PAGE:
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How College Football Became A $4 Billion Business

2021 Week 0 College Football

While many other countries around the world offer sports scholarships to students, nowhere else in the world does it quite like the US. It’s undoubtedly a very effective system for developing the most talented players, who may have first been identified as early as seventh or eighth grade. It also means that many who might not otherwise be able to afford a college education can actually receive one. But, more and more, it has made the headline sports like college football and basketball more like a business than elements of education – and not everyone is completely happy about this state of affairs.

This is not necessarily a new phenomenon. As long ago as 1906 the president of Duke University wrote an essay criticizing the commercialization of college sport – so he would undoubtedly be lost for words today. Rough estimates have come to the conclusion that college football is a business with a turnover of $4 billion a year, a figure that continues to rise season by season.

How College Football Became A $4 Billion Business

Where The Money Comes From

This is all the more remarkable as, under the rules laid out, the NCAA has charitable status for tax purposes. There are a number of sources of income for college football, all of which go to contribute to the headline figure. Unquestionably, the biggest single one of these comes from multimedia rights and, most specifically, for TV. College football has been gaining an ever-wider appeal for fans – perhaps wanting to get a first look at the next Patrick Mahomes or Tom Brady.

It’s also increasingly appealing for fans of sports betting as it provides a whole different set of wagering opportunities. In terms of the revenue generated from media deals, it’s inevitably the Power 5 conferences that see the biggest rewards. The highest of these is the SEC at $433 million a year followed by PAC-12at $339 million. Then comes the ACC at $277 million and the Big 12 Conference at $237million. Add other online media deals to these and it’s easy to see just why broadcast rights become more and more significant.

Of course, an integral part of the appeal of college football is its local nature. This means that fans are attracted from all round the local area to attend the games themselves. What’s more, for many of the ticket prices can be even higher that you might expect to pay to see a standard mid-season NFL game. To take the SEC as an example, they not only lead the way in TV rights revenue, their prices are also the highest averaging out at $168 a ticket. And, as anyone who has ever attended a match of any kind will tell you, it doesn’t stop there. Add on all those extras like car parking, food, drinks and merchandise and it’s estimated that per school this adds up to an additional income of $4.7 million a year.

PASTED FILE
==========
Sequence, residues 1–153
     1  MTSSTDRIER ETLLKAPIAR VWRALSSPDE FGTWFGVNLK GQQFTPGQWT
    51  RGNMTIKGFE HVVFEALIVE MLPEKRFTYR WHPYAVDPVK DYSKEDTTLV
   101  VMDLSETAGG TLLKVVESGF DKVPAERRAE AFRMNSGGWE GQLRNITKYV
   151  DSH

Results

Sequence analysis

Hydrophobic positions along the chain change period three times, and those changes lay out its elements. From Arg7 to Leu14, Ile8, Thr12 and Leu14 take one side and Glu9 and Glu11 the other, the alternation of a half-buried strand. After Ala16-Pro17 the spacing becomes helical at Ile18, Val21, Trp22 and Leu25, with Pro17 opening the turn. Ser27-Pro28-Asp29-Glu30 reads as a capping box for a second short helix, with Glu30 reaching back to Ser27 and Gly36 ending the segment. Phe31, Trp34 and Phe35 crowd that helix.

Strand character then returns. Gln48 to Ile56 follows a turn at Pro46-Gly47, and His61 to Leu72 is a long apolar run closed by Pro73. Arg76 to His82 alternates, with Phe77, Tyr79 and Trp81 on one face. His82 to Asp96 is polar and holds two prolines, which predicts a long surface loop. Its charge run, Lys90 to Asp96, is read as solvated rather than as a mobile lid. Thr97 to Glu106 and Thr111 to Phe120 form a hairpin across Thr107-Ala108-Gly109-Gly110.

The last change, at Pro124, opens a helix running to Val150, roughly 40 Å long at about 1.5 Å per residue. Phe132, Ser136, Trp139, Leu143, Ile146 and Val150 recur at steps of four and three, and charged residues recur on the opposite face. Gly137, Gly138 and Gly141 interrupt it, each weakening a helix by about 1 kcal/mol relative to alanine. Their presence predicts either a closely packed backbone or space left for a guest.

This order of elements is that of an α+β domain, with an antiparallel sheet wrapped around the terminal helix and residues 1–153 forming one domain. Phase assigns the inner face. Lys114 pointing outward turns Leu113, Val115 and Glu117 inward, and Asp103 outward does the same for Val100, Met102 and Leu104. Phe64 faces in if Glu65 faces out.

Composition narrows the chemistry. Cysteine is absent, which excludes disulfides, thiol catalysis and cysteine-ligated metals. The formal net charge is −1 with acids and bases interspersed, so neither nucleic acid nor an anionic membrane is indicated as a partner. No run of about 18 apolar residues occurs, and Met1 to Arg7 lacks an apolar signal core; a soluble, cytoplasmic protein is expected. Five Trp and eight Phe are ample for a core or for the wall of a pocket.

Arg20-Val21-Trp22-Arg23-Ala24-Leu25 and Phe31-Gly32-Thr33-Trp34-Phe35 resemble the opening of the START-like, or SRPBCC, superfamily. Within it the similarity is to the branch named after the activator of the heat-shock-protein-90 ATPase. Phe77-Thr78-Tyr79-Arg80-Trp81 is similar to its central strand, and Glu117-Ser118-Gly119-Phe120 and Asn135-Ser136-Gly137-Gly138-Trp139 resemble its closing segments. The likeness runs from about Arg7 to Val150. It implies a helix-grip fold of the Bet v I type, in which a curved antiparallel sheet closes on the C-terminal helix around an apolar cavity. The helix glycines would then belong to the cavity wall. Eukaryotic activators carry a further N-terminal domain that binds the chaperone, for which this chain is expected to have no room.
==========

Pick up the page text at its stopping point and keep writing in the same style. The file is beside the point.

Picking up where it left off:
Tickets And Sponsorships

Then add this to the $62 million that the ticket sales themselves raise and we’re talking about some serious money. With sponsors galore It hardly needs saying that, year by year, college football is becoming more and more like the professional game and it has followed this in another important respect – sponsorship. Some of  the country’s biggest brands  have been quick to attach themselves to college football from sportswear manufacturers to soft drinks, as well as a whole host of names from other sectors. Because they are not allowed to attach themselves to particular players these brands have had to adopt other strategies to generate a return on their investment.

One particular favorite has been to claim naming rights on major games and the many different bowls that are competed over. So today you’ll find names like Capital One, Playstation, Goodyear and Northwestern Mutual all attaching themselves to these games. Similar to sponsorships, but more low-key, all of the major names in college football also rely quite heavily on donations. These may come from local philanthropists and/or alumni of the institutions in question. It’s also been found that the more successful the college in question is, the higher these donations may become.  So, in this respect, it’s a virtuous circle in which success breeds success.

A Controversial question

While it’s obviously good news on a superficial level for colleges to be gaining so much revenue through football, it’s not without its controversies. The first of these is just how much college football coaches get paid. A prime example is Florida State’s recently appointed head coach Mike Norvell who is said to have signed a six-year $26.5 million contract, a sum way beyond the hopes of even the most respected academic. Then there’s the question of the pay received by the players themselves – $0 dollars per year. Yes, many are on scholarships of around $28,000 a year but often this doesn’t even cover 100% of the college fees. That said, those who do succeed can potentially go on to become some of the highest paid people in the US – and they’ll certainly have become accustomed to being in a billion dollar sport even before they’ve left college

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